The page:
Eighty percent of Americans have used the Internet to conduct research about their medical issues, according to NBC News. In fact, after checking email and researching products before buying, looking for medical information is the most popular thing people do on the Internet. With those numbers, you’d think medical writing services would fill the Web with relevant content, hoping to gain market share.
A Market Inefficiency
As it turns out, you’d be wrong. Sure, there are resources like WebMD, Mayo Clinic, and BabyCenter that cover healthcare topics on a larger scale. But what about individual doctors? What about local medical professionals who could be using the Web to build interest in their practices? It’s not really happening yet. According to MedCrunch, 30 percent of doctors have no social media accounts at all, and just over half use Facebook, the granddaddy of social media sites.
That last stat is particularly startling when you consider how much people share on Facebook. It’s even more mind-boggling in light of the fact that recommendations from friends is by far the most powerful way physicians grow their practices. Doctors who resist the physical revolution are only hurting themselves. After all, who wouldn’t want to establish a presence on a site that makes it so easy for others to sing their praises?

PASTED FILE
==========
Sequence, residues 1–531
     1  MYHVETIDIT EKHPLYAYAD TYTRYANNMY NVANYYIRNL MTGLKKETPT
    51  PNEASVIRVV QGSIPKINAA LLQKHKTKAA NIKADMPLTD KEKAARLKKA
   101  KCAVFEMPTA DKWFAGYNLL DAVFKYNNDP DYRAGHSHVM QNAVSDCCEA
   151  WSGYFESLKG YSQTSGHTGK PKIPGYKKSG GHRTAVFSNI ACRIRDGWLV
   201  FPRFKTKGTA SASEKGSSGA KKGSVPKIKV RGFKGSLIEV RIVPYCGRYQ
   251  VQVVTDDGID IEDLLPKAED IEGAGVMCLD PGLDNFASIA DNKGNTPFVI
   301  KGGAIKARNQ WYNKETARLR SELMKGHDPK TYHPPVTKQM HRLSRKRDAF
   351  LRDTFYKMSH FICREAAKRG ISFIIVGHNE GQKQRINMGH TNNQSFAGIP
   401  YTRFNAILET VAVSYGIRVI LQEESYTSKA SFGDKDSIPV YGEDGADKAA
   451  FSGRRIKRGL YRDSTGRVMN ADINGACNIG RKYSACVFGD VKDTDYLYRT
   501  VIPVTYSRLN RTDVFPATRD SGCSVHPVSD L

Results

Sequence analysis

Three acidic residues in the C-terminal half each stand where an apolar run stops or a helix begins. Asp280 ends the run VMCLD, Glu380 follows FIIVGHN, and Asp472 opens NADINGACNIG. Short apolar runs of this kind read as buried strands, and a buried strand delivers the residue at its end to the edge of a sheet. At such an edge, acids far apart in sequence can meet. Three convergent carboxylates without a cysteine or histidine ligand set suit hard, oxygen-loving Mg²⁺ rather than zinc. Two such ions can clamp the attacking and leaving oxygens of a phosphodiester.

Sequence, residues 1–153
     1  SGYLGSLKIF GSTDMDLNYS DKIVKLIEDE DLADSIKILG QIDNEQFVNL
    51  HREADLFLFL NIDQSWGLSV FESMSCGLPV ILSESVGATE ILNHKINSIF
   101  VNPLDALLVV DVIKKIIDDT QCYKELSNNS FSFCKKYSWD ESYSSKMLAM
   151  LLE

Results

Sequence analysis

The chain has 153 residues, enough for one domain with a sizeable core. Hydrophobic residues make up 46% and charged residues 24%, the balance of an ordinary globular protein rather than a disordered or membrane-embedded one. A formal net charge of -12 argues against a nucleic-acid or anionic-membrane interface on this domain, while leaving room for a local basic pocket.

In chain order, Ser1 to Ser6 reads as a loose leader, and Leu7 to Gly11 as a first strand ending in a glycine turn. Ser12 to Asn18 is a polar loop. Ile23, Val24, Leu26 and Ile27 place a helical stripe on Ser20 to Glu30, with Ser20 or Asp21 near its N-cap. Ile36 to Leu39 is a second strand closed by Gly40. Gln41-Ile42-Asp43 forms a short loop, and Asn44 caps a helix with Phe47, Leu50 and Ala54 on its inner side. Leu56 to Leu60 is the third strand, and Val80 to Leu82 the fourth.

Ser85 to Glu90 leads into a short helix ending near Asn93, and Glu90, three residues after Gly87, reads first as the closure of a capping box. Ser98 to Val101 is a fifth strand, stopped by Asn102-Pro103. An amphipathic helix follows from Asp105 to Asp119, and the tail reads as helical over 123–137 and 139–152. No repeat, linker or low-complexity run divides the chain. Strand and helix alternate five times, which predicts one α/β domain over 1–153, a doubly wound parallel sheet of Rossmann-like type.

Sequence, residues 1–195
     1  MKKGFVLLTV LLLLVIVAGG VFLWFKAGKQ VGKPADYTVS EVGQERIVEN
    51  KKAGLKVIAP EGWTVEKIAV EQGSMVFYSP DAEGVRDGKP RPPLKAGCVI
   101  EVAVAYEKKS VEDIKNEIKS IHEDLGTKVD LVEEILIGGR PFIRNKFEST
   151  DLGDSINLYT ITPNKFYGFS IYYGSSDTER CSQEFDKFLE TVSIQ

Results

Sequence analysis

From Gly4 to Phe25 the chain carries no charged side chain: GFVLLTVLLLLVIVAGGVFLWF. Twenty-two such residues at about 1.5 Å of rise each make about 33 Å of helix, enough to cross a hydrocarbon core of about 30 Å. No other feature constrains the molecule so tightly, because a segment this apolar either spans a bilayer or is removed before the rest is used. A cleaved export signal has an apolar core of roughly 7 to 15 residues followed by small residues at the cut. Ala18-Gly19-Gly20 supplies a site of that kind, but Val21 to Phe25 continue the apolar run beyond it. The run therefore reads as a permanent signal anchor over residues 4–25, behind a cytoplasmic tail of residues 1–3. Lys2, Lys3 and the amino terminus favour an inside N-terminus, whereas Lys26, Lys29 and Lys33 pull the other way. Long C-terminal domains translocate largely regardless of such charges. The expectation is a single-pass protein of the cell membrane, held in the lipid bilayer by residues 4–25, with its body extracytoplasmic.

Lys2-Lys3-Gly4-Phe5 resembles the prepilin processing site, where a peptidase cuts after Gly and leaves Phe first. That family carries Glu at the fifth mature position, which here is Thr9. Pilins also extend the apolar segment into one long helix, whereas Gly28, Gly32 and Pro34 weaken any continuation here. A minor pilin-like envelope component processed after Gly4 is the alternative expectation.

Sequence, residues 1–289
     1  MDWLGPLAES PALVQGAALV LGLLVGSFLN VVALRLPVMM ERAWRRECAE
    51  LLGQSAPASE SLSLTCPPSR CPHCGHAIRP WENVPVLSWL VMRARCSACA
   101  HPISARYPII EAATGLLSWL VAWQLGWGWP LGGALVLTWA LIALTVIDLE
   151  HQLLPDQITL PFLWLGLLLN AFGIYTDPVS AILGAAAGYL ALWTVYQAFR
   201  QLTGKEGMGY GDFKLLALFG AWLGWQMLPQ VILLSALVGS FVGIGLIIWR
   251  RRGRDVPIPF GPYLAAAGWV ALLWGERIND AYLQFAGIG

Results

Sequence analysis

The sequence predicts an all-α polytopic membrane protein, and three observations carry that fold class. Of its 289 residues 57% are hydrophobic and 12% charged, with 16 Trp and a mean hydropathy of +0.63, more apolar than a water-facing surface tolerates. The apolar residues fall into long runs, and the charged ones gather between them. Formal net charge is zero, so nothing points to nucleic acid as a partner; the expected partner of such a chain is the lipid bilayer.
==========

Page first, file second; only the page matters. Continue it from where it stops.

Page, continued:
One issue in the way of progress is the perception that people have of social media, particularly older patients that comprise the majority of the average physician’s client base. These patients may not understand what social media is and they sure don’t want to think that their doctor would rather play around on the Internet than treat patients. Nobody wants their patients to think they don’t care. So, given the trade-off between alienating valued patients and building an online brand, keeping current customers happy is always going to win.
Content is King
Social media platforms aren’t the ultimate answer for physicians. They aren’t universally used and they can only do so much. The real key to success for doctors in the 2014 and beyond is to create a wealth of relevant content that educates patients and encourages them to spread the word.
Notable physicians like Dr. Mehmet Oz and Dr. Joel Fuhrman have already figured out that the way to reach people is by giving them the answers to their questions. It shows their expertise and lends credibility to their names. They know that the next time people have health questions, they’ll come back for more information.
If this strategy is used by local physicians, it will lead to an increased patient load and a more prestigious position in the community. And let’s not forget about enhanced patient satisfaction, which is critical in this age when the doctor-patient relationship isn’t always warm and fuzzy.
Technology is a tricky issue for doctors, who must find ways to educate while maintaining doctor-patient confidentiality. They must also find the time to commit to becoming more digital. However, the benefits are well worth the effort. Those doctors who are among the first to enter the technology age will find it extremely rewarding.
Bryan B is a freelancer writer living in Long Island, N.Y. He may be the only writer in the entire world that doesn’t drink coffee.